How can I add/edit slides within the front page feature slider?
If you are utilizing the frontpage feature slider of the UBC Collab theme, please note that each slide is configured as a post belonging to a designated post category. To find out which category it is, please navigate to Dashboard -> Appearance -> Theme Options -> Frontpage(tab) -> Feature Slider(section) -> Category to be displayed(setting).
Every slide is capable of containing the following elements.
- Title – Serve as the title of the slide in the frontend.
- Excerpt – Serve as the caption of the slide in the frontend.
- Feature Image – Serve as the image for each slide in the frontend.
Adjusting the functionality of your site
There are a host of ways you can adjust how your site functions. Here’s some common FAQs about changing the functionality of your site on CMS.
What plugins are available on CMS?
Can I have a multilingual site on CMS?
Unfortunately all of the available multilingual plugins on the WordPress repository do not meet our security, accessibility, coding, support, quality, or longevity requirements. This means we do not have a “one-stop-shop” solution for creating one website with multiple languages.
However, several folks have used WordPress’s native pages functionality to act as a way to provide multiple languages.
You may have a ‘top level’ page called ‘en’ (for English) and a top level page called ‘fr’ (for French). If you had a page which centres around milk, you may have a subpage under en called ‘milk’ and a subpage under ‘fr’ called ‘lait’. This would mean you would have 2 pages at /en/milk and /fr/lait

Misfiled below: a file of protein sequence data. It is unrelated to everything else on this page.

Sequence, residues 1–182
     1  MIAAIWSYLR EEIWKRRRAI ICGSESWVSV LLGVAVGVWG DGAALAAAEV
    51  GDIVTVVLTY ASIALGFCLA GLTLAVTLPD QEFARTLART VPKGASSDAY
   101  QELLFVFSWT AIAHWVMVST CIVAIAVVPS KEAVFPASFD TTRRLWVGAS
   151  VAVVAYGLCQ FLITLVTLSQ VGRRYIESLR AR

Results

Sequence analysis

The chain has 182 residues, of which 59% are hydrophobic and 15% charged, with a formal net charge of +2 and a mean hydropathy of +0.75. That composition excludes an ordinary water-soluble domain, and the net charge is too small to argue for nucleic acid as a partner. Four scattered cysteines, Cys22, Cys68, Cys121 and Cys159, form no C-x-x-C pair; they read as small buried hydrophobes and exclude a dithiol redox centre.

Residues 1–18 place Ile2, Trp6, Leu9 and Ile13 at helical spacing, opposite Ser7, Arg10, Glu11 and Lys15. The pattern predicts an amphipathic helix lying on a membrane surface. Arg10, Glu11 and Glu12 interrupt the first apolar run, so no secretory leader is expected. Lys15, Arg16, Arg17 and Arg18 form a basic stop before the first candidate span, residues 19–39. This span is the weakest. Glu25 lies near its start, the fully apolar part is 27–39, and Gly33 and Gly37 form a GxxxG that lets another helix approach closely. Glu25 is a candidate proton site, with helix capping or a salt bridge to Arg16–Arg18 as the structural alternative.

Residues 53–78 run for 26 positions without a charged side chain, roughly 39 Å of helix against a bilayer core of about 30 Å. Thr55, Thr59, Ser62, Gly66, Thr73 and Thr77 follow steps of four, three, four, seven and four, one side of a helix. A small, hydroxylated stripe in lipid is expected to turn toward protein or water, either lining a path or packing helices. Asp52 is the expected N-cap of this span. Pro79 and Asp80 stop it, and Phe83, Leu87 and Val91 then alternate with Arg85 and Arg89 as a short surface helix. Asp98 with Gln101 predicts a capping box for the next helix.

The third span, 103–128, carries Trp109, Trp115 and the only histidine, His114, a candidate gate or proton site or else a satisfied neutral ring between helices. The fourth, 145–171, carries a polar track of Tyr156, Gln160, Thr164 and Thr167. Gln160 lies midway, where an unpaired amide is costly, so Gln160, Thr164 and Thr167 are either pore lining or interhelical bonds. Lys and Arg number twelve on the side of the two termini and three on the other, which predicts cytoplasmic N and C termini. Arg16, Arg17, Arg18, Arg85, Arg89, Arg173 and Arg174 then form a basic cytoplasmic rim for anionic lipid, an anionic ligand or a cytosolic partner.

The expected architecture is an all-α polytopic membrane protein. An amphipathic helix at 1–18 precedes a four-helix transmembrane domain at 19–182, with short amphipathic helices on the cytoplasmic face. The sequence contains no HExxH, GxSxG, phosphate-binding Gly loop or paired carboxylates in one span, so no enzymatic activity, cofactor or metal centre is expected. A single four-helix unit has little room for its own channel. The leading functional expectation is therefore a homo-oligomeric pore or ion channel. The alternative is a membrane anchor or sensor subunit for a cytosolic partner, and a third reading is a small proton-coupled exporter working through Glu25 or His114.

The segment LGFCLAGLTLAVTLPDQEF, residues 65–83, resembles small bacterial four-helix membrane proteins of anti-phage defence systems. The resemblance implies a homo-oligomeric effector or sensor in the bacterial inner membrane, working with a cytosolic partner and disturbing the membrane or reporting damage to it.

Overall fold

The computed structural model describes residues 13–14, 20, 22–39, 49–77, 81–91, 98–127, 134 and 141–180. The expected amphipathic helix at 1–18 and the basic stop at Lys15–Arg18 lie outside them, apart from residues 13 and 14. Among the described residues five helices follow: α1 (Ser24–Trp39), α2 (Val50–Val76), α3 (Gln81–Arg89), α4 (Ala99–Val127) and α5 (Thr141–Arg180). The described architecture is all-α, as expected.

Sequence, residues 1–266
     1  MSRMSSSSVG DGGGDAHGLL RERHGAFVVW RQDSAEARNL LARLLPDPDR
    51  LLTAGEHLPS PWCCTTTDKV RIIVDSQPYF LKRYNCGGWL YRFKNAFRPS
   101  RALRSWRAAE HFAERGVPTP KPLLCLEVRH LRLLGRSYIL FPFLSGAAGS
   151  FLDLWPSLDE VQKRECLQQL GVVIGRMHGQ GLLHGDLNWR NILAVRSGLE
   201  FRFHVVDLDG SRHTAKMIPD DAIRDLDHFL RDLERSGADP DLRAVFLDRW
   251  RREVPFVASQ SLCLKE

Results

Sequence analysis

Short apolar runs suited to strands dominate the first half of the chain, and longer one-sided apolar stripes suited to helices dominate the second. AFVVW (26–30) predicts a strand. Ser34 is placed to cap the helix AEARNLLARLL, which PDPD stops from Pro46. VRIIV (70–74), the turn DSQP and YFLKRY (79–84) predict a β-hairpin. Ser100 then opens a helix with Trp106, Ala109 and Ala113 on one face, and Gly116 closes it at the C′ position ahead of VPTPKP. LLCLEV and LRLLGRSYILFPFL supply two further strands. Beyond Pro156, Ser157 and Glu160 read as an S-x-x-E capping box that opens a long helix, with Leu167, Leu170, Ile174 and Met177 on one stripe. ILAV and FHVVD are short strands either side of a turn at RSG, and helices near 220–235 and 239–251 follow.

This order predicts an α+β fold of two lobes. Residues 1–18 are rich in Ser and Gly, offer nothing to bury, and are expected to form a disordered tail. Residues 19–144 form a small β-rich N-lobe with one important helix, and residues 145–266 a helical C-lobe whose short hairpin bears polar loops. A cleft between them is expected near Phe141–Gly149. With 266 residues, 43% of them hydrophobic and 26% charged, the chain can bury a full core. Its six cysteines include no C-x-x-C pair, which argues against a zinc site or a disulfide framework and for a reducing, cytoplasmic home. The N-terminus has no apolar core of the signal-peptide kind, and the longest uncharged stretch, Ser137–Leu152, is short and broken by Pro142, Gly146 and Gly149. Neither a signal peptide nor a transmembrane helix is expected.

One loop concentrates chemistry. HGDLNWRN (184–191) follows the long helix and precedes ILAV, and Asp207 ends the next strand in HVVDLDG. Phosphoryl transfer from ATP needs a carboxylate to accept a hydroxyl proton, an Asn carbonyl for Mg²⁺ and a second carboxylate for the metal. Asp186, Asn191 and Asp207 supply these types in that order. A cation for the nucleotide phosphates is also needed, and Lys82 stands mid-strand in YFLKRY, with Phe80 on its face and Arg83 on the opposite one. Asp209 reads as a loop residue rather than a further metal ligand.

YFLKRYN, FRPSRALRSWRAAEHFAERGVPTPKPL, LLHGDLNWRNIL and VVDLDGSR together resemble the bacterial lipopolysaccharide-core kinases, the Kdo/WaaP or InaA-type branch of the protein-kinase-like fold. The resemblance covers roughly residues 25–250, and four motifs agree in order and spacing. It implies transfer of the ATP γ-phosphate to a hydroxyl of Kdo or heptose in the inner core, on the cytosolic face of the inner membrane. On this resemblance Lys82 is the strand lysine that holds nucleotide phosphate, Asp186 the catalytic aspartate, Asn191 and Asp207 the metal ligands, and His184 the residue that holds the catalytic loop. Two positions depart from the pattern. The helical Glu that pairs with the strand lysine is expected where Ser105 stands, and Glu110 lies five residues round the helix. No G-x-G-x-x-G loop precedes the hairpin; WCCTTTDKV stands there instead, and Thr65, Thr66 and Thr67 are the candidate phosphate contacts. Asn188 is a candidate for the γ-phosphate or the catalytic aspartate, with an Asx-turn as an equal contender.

In this scenario you would likely need two home pages. One in English which also links to a French home page, and one in French that links to the English home page.
Alternatively, you could have both the English and French content written on the same page, one above (or on larger screens, using columns, alongside) the other.
Can I use e-payments on my site?
Update Spring 2023: We have developed an integration with the new UBC IT approved Digital Payments Program. You can read the documentation and how to begin.
Sunset: We provide e-payment functionality that links to the UBC IT-provided CBM tool. This is being phased out in mid-to-late 2023 and we have committed to supporting the new UBC e-payment provider uPay.
e-payment functionality is currently provided by request only. Please get in touch if you wish to add e-payment functionality to your site.
Can I add my own plugins to CMS?
No. The team at CTLT manages the list of plugins that are available to you. We believe the plugins we provide cover a wide variety of functionality, however if you have a request for a specific plugin, then please get in touch.
Have some other questions?
You have a couple options. Below here you’ll find several more FAQs and support documents. And if those don’t help, then you can submit a support request.